a youthquake, and it can't cope with the energy. The strange thing about
its youth is how commonly they refer to the time of the Shah with yearning
and nostalgia -- yet they have no memory of his brutal and exploitative
reign or the Revolution that deposed him. It is as if they yearn for a past
that never existed.
In Tehran we read a newspaper article warning that the clerics in parliament
have voted to send a paramilitary group known as the Basij into the universities,
to help police and suppress 'liberal Western influences'. Their goal involves
more than just intellectual oppression-it means intimidating young people
to stop them holding hands in public, and preventing women from wearing
lipstick or pulling their chadors back provocatively onto their heads to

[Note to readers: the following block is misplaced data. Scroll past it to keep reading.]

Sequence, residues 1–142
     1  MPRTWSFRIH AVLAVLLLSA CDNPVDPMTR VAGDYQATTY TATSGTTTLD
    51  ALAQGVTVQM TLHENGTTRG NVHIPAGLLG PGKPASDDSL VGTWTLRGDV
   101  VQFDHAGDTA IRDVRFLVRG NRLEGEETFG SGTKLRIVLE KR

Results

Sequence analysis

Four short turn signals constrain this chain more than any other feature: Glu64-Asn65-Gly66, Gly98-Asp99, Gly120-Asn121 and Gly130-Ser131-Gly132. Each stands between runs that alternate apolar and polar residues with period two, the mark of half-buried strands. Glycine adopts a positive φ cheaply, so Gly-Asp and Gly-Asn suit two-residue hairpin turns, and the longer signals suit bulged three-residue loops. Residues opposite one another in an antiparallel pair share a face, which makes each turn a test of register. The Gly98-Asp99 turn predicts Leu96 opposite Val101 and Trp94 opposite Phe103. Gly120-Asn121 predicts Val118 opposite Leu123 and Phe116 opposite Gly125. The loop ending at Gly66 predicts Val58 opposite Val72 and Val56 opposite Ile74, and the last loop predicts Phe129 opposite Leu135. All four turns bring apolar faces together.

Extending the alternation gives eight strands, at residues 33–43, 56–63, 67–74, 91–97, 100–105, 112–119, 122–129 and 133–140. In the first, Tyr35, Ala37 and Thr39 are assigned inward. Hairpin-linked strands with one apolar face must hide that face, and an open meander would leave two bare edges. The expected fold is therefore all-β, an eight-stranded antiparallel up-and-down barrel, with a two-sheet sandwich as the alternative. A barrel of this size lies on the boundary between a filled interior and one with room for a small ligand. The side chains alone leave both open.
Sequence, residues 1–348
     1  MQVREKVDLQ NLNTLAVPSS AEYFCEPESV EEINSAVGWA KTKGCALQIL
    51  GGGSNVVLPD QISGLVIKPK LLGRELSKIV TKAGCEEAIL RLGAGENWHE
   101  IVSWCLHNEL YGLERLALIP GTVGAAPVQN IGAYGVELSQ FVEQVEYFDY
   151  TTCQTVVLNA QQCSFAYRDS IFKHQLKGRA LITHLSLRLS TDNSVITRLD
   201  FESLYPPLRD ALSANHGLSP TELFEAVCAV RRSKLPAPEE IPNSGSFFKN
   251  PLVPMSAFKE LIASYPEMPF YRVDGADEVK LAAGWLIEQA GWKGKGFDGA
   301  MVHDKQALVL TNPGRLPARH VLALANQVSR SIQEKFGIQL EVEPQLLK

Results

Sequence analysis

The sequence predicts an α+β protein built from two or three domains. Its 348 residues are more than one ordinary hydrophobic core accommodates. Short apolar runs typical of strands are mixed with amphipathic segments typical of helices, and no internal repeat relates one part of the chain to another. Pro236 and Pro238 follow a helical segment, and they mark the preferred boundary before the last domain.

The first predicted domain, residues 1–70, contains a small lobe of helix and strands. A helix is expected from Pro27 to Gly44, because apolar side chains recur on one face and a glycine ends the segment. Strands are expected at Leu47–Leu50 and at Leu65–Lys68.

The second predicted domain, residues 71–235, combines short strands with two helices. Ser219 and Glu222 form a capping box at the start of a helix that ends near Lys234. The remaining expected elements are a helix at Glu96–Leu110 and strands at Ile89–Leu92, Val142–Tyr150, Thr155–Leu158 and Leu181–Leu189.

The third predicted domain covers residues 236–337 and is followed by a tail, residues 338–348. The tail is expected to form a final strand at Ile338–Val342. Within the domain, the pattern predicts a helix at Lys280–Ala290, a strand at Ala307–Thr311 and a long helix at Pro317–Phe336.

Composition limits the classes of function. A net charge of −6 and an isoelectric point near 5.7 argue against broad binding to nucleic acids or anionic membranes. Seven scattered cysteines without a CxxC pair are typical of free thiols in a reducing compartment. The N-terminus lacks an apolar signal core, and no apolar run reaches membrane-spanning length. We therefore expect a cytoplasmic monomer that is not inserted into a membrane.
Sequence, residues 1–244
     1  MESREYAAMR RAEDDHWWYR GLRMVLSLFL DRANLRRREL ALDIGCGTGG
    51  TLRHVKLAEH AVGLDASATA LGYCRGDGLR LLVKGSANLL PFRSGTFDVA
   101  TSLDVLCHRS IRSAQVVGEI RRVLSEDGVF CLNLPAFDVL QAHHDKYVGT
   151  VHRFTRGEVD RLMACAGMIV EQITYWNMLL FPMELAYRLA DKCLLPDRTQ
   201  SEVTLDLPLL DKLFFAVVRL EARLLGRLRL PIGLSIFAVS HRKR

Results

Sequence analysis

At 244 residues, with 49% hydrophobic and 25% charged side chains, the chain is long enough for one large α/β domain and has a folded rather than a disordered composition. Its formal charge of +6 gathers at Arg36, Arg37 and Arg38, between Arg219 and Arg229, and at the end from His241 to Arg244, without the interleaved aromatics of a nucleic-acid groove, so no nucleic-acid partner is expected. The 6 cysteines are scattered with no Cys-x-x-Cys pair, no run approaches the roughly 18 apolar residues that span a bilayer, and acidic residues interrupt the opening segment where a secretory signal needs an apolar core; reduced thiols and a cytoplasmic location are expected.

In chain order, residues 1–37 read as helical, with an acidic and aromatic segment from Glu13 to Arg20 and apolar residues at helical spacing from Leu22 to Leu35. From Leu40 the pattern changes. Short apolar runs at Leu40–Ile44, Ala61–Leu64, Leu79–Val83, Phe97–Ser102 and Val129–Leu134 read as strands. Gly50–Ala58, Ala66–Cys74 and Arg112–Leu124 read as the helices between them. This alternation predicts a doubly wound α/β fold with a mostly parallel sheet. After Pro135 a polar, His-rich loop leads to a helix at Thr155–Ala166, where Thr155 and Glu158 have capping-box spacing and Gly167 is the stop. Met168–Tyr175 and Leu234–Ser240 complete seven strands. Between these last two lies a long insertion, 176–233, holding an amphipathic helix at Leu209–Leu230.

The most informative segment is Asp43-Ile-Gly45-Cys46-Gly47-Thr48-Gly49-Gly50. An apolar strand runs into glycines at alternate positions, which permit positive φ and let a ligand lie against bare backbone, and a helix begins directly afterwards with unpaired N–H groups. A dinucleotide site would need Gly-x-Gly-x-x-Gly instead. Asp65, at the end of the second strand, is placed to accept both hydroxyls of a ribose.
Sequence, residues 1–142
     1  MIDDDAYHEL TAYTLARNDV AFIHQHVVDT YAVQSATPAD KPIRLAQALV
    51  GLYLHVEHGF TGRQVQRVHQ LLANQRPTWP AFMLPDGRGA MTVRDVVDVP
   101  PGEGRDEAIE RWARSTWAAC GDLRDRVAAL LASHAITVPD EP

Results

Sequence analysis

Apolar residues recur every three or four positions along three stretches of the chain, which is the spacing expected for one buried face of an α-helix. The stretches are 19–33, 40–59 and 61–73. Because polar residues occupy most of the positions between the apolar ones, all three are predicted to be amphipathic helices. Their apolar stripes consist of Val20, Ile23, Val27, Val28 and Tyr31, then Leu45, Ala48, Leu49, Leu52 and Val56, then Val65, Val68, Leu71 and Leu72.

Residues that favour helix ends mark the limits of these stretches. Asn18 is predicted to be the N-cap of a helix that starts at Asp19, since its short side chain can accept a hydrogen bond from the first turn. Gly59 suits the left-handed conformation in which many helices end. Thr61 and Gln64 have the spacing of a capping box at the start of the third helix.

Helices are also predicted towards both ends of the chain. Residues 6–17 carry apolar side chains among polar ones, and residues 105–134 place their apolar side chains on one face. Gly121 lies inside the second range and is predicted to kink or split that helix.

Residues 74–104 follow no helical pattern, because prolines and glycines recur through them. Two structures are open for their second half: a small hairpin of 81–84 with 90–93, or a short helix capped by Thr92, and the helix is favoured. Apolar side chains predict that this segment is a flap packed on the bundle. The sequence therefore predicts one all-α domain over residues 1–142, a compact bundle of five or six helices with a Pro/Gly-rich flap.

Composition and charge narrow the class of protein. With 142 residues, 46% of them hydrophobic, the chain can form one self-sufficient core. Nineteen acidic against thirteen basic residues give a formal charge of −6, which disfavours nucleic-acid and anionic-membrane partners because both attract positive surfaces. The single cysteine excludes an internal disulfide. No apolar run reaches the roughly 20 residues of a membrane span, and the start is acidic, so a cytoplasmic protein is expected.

reveal a little of their hair.
These acts of 'Westoxification' that hark back to the days of the Shah,
these relatively mild gestures of public affection and decoration, constitute
the pagan rebellions of Persian youth today. In the extreme and early years
of the Islamic Revolution, the Basij were renowned for their opposing fervour,
taking the lipstick off women with razor blades. Drafted from the ranks
of a massive peasant underclass, they are devout enough to still serve the
darkest commands of hardline mullahs, to be thugs in the name of Allah.
'What will they do?' asks one Tehrani man benignly of yet another bout
of oppression from the mullahs and their henchmen. 'This is nature. A boy
and a girl. It is like trying to stop running water.'
We talk to a tour guide about it all. He tells us how he wants to escape.